Being a ruminate, cows have a four stomach digestive system (actually a four compartment stomach). Ideally suited to grazers (cows) and browsers (goats), the rumen (the first stomach) allows cows to eat a lot of grass at once, not chew it, and store it. Later, when they are relaxing, they cough/burp up a cud (a mouthful of that non-chewed stomach stuff) and properly chew it. Thus, a cow does a lot of cud chewing and burping.

Figuring the United States alone has roughly 40 million cows, about 30 million beef cattle and 10 million dairy cows; there is a whole lot of burping going on. Like humans, cows digestive system have a complex community of microbes in their stomach helping break down food. One of those beneficial microbes creates methane in the process. To counter this methane development, some folk are proposing an additive to cattle feed to reduce the microbe’s ability to produce methane.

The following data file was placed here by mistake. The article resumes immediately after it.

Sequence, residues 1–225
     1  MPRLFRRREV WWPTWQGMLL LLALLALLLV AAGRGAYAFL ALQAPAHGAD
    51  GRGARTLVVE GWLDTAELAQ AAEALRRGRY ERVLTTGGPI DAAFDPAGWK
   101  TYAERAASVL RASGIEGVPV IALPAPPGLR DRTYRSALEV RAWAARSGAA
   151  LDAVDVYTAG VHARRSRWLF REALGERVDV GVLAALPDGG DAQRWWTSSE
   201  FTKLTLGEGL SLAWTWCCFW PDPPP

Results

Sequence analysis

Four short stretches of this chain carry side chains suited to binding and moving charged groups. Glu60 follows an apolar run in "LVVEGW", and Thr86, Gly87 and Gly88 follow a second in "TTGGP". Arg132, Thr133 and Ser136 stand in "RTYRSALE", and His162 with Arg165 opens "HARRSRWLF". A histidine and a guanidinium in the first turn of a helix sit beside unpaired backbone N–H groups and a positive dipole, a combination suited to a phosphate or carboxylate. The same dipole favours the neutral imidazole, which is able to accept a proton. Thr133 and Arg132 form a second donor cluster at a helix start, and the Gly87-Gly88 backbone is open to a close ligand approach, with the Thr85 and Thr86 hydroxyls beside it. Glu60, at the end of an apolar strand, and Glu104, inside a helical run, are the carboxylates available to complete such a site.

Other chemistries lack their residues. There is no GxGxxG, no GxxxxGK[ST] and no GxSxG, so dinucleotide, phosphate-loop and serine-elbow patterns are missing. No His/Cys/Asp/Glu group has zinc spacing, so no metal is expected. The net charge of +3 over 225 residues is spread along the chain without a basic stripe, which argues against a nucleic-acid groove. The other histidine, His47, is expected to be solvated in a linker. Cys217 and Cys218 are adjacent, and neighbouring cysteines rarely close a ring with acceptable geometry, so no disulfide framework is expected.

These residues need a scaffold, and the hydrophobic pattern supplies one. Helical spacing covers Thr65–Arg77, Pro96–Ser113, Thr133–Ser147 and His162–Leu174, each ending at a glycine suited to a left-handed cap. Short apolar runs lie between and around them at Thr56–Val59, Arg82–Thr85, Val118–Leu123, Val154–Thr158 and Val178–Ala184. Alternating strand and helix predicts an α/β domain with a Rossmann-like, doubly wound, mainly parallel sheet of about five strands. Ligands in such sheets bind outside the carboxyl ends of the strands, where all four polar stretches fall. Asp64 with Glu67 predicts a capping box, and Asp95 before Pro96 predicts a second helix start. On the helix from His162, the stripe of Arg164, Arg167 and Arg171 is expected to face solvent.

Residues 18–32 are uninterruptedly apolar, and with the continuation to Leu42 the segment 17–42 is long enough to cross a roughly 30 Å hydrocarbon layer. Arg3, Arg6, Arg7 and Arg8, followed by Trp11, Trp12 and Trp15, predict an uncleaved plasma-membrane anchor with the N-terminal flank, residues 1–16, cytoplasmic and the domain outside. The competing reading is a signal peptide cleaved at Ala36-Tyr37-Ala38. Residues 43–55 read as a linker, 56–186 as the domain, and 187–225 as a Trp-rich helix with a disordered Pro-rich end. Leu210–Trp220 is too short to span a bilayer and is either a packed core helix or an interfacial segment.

Hmm, it isn’t enough that pharmaceutical companies have convinced us humans to take a pill so we can ignore our bodies normal warning sign of when to lay off some foods. Now we are going to give cattle a little purple pill as well.

Contrary the popular stance, the methane burping problem is not a cattle digestive problem, but a human digestive problem. Consider the 30 million beef cattle. The 30 MILLION CATTLE who exist on American soil exist because the U.S. population is having a problem eating meat sensibly. All it takes to eliminate the methane problem is for U.S. folk to eat less beef. An easy solution if it were not centered on changing people’s gastronomic normal.

Life is much easier for humans if they place blame on creation other than themselves. Cattle, after all, are doing no more than being cattle. Humans, though, have to go a long way to justify eating double and triple decker hamburgers rather than single patty burgers or eating16-ounce steaks rather than 4-ounce steaks. The production of 30 million cattle is not a cattle problem, but one of human over consumption. Continue reading “Considering the Purple Cow Pill”